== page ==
She noted that: “To address the challenge, it is crucial that Member States follow through on the implementation of commitments they made at the Regional Committee in August 2022, when they endorsed the Framework to Implement the Comprehensive Global Action Plan 2013 to 2023 in the WHO African Region. This key document highlights the severe shortage of mental health services on the continent, and makes recommendations for key actions by Member States.
“Among the developments of which Member States can be proud is the launch of Special Initiative for Mental Health frameworks by Ghana and Zimbabwe. Supported by WHO training, the aim is to strengthen relevant services at lower levels of care.”
She revealed that: “WHO in the African Region is also supporting task-sharing and integration of mental health into multisectoral programmes in Burkina Faso, Ethiopia, Ghana, Niger, Nigeria and Mali. Examples include joint tuberculosis and mental health programming in Ghana and Kenya, and joint Neglected Tropical Diseases and mental health efforts in Nigeria.
“Additionally, Kenya, Uganda and Zimbabwe have been supported to complete mental health investment cases. These provide a valuable base from which to make the case for increased investment in this neglected aspect of our health systems.”
She said: “To advance continental efforts towards equitable access to mental, neurological and substance abuse care, I want to take the opportunity today to urge Member States to prioritise the implementation of the Framework to Implement the Comprehensive Mental Health Action Plan in the WHO African Region. This requires, among other things, increasing government expenditure on relevant services, and mobilising resources from partners.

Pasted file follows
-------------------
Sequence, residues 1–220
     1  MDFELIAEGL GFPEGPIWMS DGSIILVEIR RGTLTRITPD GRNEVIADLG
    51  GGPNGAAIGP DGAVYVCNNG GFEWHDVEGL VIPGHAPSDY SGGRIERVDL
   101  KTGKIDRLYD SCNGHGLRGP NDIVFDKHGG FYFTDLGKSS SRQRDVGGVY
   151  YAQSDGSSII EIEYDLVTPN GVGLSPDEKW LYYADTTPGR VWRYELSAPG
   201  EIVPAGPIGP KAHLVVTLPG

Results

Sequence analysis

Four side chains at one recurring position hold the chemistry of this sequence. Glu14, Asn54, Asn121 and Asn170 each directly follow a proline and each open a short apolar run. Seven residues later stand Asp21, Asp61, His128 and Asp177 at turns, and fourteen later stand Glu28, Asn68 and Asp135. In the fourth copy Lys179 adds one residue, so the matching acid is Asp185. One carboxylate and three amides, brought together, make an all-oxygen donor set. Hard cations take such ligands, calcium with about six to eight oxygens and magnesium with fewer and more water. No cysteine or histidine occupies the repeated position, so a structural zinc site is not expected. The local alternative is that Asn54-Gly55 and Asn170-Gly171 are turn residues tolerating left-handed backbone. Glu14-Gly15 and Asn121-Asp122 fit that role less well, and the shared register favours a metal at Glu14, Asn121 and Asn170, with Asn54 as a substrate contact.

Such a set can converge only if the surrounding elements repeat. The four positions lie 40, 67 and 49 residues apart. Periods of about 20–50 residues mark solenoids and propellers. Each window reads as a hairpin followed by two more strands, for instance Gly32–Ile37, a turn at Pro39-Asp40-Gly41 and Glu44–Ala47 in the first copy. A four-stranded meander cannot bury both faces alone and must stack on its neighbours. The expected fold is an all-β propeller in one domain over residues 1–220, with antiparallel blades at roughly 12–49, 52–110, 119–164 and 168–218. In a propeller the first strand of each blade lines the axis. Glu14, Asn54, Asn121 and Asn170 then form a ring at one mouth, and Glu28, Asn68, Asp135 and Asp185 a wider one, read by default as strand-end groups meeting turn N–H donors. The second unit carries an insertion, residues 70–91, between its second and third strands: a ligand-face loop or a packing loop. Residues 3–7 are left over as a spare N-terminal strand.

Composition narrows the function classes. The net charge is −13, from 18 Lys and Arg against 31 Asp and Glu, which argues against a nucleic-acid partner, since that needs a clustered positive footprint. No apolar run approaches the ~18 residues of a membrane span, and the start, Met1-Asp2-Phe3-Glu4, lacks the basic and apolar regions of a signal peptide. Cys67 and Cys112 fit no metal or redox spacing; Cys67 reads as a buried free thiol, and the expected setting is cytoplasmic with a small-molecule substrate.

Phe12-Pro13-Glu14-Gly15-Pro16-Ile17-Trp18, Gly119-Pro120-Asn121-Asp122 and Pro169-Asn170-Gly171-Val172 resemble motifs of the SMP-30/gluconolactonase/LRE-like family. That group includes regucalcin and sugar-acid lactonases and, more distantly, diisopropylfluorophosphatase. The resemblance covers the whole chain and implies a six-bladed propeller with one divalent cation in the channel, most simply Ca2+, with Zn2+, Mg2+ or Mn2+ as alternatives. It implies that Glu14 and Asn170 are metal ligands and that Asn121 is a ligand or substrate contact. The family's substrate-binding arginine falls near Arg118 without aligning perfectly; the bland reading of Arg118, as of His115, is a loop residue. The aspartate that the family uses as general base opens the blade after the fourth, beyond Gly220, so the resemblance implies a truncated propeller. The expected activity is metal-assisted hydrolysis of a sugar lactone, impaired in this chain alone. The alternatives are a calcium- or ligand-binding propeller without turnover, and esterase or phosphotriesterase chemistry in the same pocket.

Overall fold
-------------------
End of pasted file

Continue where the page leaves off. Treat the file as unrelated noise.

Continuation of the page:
“Countries especially need to strengthen the mental health and psychosocial response in humanitarian emergencies, including COVID-19 and Ebola, which have a significant negative impact on school-age children and our health care workers. Mental health and psychosocial support are integral to any successful response.”
She appealed that: “On World Mental Health Day today, let us all commit to work together to deepen the value we afford to mental health, to reshape the environments that negatively impact mental health, and to strengthen the care systems to make mental health care accessible to all Africans.”
About 169 Households To Benefit From EDO-CARES Grants
No fewer than 169 Individuals from vulnerable households have been trained in Benin to benefit from the Nigeria CARES (COVID-19 Action Recovery and Economic Stimulus (N-CARES) code named EDO-CARES) grants in Edo.
Mrs Ifueko Alufohai, the Permanent Secretary, Ministry of Youth and Humanitarian Affairs announced this during one-day livelihood support training and orientation organised on Friday by the State Cash Transfer Unit (SCTU).
The beneficiaries, she said, would be given grants ranging from N20,000 to N200,000.
Alufohai explained that the N-CARES was an emergency Relief World Bank funded Programme put in place to ameliorate the adverse effect of the COVID-19 pandemic on livelihoods, especially of the operators of businesses in the informal sector.
The Head, of State Cash Transfer Unit, Flora Bossey in a welcome address said the programme was designed for economically active youth and women.
“This programme is Disbursement Linked Indicator (DLI 1.3) under the EDO-CARES livelihood support programme, one of the eleven DLI being supported by the State Government.
“The programme is taking place in two pilot local government areas of Oredo and Ikpoba-Okha in the state. The beneficiaries were selected from the state social register for the poor and vulnerable households.
“The state government has made it possible for the beneficiaries to receive grants to improve their businesses that were affected by COVID-19.
According to her, what we are doing here today is the first round of livelihood and soft skills training to support their businesses before the grants would be disbursed.
Mrs Precious Osunde, who spoke on behalf of the beneficiaries thanked the state government for the kind gesture and promised to expand her business with the grant.